Olympic Sprinter Tori Bowie's Death and Discrepancies in Maternal Mortality
FIT4MOM x Rachel Nicks x Jessica Maurer
Tori Bowie was once the fastest woman on the planet. The Mississippi native was a high school track and field and basketball athlete, who set records in the NCAA during her university career. Bowie became an Olympic medalist at the 2016 Rio Olympics by winning gold, silver, and bronze medals. She was found dead at the age of 32 from pregnancy and labor complications.
Sadly, Bowie’s story is not uncommon. Pregnant women in the United States are more than 3-4 times as likely to die from complications related to pregnancy or childbirth than those in other developed countries in the world. Thousands more have unexpected outcomes and situations resulting in serious health consequences for the woman and the child. Every pregnancy-related death is tragic, especially because more than 80% of pregnancy-related deaths in the U.S. are preventable.
According to findings released in April 2023, Black women are 3 times more likely to die from a pregnancy-related cause than White women. That results in 69.9 deaths per 100,000 live births for Black women. Black Americans’ health issues have long been attributed to genetics or lifestyle and behavior, when in actuality, an array of circumstances linked to racism:
Variations in quality healthcare
Underlying chronic conditions such as bleeding disorders, diabetes, and heart disease
While rates of severe maternal morbidity (SMM) have been increasing among all women, the statistics are disproportioned for women of color. SMM measures unexpected outcomes from labor and delivery with significant short- or long-term consequences to a woman’s health. The Centers for Disease Control and Prevention categorizes SMM by 21 “indicators”. The odds of a Black woman having one of these indicators is about 1.7 times more likely than White women.
Bowie’s cause of death was linked to complications of respiratory distress and eclampsia, which is when a person develops seizures following a sudden spike in high blood pressure during pregnancy, according to the Cleveland Clinic.
Black communities have a 63% higher rate of SMM than white women. These rates are higher across all age groups and nearly all indicators examined. Black women have up to twice the prevalence of risk factors, such as hypertension, preeclampsia, anemia and pre-existing diabetes.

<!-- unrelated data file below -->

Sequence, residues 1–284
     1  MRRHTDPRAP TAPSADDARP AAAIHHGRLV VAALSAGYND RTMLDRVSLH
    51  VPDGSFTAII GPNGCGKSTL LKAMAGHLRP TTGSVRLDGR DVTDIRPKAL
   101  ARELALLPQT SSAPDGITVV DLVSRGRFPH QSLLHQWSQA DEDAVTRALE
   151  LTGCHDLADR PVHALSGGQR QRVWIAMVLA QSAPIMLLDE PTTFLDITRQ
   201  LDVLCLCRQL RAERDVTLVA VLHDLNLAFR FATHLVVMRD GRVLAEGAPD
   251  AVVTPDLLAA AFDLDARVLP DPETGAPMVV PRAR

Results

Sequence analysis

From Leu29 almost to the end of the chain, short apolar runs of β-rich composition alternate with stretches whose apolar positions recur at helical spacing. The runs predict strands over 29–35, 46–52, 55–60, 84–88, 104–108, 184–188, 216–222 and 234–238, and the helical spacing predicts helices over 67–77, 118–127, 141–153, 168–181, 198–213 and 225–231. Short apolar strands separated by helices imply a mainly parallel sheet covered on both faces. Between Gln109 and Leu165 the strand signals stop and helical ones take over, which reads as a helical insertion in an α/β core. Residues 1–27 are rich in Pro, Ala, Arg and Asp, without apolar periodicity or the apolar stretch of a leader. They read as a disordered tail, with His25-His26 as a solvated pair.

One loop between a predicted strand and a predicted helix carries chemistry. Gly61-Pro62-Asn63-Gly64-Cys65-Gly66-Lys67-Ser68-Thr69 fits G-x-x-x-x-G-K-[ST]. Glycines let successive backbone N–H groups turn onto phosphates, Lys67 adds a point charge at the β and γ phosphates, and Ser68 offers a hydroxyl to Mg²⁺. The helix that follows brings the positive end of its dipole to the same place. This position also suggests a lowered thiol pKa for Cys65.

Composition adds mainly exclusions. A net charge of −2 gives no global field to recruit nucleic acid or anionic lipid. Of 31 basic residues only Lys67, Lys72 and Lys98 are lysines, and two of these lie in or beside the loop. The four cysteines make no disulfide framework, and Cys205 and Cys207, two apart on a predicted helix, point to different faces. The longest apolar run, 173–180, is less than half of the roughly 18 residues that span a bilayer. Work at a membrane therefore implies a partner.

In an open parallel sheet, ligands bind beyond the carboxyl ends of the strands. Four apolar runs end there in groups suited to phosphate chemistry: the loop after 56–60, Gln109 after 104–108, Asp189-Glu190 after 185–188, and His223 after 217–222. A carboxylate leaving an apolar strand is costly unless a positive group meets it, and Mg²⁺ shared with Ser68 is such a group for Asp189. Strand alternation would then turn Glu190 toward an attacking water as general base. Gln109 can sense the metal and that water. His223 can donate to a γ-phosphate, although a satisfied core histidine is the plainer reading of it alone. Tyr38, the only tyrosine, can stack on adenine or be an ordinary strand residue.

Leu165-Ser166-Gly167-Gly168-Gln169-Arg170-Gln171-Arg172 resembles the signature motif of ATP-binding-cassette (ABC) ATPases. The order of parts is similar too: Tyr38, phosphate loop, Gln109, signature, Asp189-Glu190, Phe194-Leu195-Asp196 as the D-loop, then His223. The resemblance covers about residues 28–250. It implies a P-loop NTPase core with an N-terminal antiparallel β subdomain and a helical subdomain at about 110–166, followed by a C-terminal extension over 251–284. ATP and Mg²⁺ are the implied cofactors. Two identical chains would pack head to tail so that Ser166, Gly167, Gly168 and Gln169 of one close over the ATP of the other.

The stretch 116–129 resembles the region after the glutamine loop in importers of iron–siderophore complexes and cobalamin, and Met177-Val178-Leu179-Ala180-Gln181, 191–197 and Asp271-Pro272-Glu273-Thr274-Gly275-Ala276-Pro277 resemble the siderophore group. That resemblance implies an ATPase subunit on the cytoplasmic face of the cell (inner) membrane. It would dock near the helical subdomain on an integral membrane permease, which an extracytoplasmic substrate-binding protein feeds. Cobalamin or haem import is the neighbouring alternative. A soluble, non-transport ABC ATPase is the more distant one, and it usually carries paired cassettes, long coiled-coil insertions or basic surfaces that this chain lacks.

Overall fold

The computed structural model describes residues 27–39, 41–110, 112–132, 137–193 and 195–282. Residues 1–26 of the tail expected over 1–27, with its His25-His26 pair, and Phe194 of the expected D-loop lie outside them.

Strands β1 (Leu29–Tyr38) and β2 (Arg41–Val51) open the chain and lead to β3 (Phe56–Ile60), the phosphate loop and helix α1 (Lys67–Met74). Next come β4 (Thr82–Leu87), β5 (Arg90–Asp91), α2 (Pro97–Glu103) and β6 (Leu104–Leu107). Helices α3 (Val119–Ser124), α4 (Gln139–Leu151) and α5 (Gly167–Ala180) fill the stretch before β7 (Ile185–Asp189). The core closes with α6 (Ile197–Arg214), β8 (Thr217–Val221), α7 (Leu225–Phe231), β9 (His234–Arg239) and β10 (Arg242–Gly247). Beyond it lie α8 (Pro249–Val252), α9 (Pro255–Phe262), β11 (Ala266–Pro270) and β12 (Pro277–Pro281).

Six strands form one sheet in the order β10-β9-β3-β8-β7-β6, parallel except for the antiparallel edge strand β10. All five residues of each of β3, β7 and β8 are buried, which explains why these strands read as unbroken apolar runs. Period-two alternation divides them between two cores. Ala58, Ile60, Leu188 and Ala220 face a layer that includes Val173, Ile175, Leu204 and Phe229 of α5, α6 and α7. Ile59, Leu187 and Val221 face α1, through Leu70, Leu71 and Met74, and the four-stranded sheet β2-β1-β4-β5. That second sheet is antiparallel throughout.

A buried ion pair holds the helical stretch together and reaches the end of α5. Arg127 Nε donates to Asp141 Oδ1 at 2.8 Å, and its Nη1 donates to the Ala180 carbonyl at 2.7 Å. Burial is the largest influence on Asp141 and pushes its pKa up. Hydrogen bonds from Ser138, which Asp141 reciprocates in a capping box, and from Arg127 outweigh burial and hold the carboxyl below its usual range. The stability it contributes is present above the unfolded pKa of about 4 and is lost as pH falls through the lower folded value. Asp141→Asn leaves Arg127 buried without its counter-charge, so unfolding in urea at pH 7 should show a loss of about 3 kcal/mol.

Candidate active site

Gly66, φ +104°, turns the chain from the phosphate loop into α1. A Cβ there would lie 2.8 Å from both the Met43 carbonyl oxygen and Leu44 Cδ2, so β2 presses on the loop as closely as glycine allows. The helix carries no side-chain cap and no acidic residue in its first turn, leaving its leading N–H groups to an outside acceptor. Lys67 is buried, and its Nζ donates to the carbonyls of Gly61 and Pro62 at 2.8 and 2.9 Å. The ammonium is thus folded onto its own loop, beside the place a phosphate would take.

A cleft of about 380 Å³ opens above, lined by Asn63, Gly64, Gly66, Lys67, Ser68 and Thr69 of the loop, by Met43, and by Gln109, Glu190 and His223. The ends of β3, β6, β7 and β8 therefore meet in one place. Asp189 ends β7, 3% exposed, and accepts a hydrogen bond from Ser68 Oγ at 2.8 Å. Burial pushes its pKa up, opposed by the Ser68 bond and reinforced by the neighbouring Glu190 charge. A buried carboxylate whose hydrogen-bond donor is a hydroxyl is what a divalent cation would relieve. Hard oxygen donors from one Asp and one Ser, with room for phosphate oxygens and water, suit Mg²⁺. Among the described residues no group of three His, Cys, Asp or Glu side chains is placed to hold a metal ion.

LACK OF CARE
According to Every Mother Counts, more than a third of all counties in the United States do not have an obstetric care provider. The lack of obstetricians, midwives, hospitals, and birth centers means that basic levels of care are not being provided throughout the US - especially in rural areas. Women in these areas who have high-risk pregnancies often do not have access to specialists who can help treat their conditions.
Most people assume that a woman will see the same physician throughout her pregnancy. However, many pregnant women, especially those enrolled in Medicaid, see different care providers at each prenatal visit. Medicaid pays for 65 percent of births to Black mothers, meaning that many Black women meet the physician or midwife attending their birth for the first time when they arrive at the hospital in labor. This means that warning signs, symptoms, and progressive health concerns often fall through the cracks and women are not receiving the necessary care at the correct time.
Even if the Black mother has access to appropriate care, studies show that the quality of care differs based on their race. A 2016 survey of white medical students conducted by the University of Virginia shows that nearly half of the students believe that Black patients have less sensitive nerve endings—affecting pain perception and treatment recommendation accuracy for Black patients. In fact, in 2021 the CDC “accelerated its work to address racism as a fundamental driver of racial and ethnic health inequities in the United States.”
WHAT YOU CAN DO
Recognizing urgent maternal warning signs, advocating for timely treatment, and being a support system for pregnant mothers can help prevent many pregnancy-related deaths.
It is no longer enough to just read the statistics. Research local maternal support groups in your area. Become an advocate, volunteer your time, shop businesses that give back, and make financial donations to organizations determined to change the narrative.
Follow and donate to companies doing good, hard work such as: